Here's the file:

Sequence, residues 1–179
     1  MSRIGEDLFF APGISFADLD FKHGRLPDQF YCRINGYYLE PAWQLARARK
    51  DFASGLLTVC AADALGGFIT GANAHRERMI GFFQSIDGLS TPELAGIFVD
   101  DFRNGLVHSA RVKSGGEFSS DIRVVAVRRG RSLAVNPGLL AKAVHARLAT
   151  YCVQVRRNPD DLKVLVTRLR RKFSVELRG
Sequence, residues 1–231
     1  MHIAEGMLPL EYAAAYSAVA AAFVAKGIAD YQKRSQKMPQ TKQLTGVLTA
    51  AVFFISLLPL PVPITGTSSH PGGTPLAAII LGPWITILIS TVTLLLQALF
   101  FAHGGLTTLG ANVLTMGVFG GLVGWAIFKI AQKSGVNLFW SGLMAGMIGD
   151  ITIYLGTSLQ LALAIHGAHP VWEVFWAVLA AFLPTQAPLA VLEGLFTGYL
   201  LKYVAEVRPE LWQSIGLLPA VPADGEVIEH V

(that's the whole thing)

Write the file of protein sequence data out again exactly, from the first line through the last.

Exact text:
Sequence, residues 1–179
     1  MSRIGEDLFF APGISFADLD FKHGRLPDQF YCRINGYYLE PAWQLARARK
    51  DFASGLLTVC AADALGGFIT GANAHRERMI GFFQSIDGLS TPELAGIFVD
   101  DFRNGLVHSA RVKSGGEFSS DIRVVAVRRG RSLAVNPGLL AKAVHARLAT
   151  YCVQVRRNPD DLKVLVTRLR RKFSVELRG
Sequence, residues 1–231
     1  MHIAEGMLPL EYAAAYSAVA AAFVAKGIAD YQKRSQKMPQ TKQLTGVLTA
    51  AVFFISLLPL PVPITGTSSH PGGTPLAAII LGPWITILIS TVTLLLQALF
   101  FAHGGLTTLG ANVLTMGVFG GLVGWAIFKI AQKSGVNLFW SGLMAGMIGD
   151  ITIYLGTSLQ LALAIHGAHP VWEVFWAVLA AFLPTQAPLA VLEGLFTGYL
   201  LKYVAEVRPE LWQSIGLLPA VPADGEVIEH V